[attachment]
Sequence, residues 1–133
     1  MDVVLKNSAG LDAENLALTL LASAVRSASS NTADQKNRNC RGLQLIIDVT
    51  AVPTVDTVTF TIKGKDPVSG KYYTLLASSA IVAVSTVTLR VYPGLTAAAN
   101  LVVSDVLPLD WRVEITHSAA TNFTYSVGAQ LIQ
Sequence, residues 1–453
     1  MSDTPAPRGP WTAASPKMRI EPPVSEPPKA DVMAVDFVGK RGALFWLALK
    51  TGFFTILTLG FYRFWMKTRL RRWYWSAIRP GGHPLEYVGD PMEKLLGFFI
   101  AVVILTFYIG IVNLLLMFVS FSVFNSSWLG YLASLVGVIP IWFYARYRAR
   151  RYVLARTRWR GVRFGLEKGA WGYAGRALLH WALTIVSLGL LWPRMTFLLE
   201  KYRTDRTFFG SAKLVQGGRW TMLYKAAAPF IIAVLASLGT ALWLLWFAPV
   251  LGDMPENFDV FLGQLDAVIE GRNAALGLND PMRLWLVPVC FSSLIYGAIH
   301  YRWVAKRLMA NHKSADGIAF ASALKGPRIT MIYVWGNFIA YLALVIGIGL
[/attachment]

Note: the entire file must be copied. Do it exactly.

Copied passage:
Sequence, residues 1–133
     1  MDVVLKNSAG LDAENLALTL LASAVRSASS NTADQKNRNC RGLQLIIDVT
    51  AVPTVDTVTF TIKGKDPVSG KYYTLLASSA IVAVSTVTLR VYPGLTAAAN
   101  LVVSDVLPLD WRVEITHSAA TNFTYSVGAQ LIQ
Sequence, residues 1–453
     1  MSDTPAPRGP WTAASPKMRI EPPVSEPPKA DVMAVDFVGK RGALFWLALK
    51  TGFFTILTLG FYRFWMKTRL RRWYWSAIRP GGHPLEYVGD PMEKLLGFFI
   101  AVVILTFYIG IVNLLLMFVS FSVFNSSWLG YLASLVGVIP IWFYARYRAR
   151  RYVLARTRWR GVRFGLEKGA WGYAGRALLH WALTIVSLGL LWPRMTFLLE
   201  KYRTDRTFFG SAKLVQGGRW TMLYKAAAPF IIAVLASLGT ALWLLWFAPV
   251  LGDMPENFDV FLGQLDAVIE GRNAALGLND PMRLWLVPVC FSSLIYGAIH
   301  YRWVAKRLMA NHKSADGIAF ASALKGPRIT MIYVWGNFIA YLALVIGIGL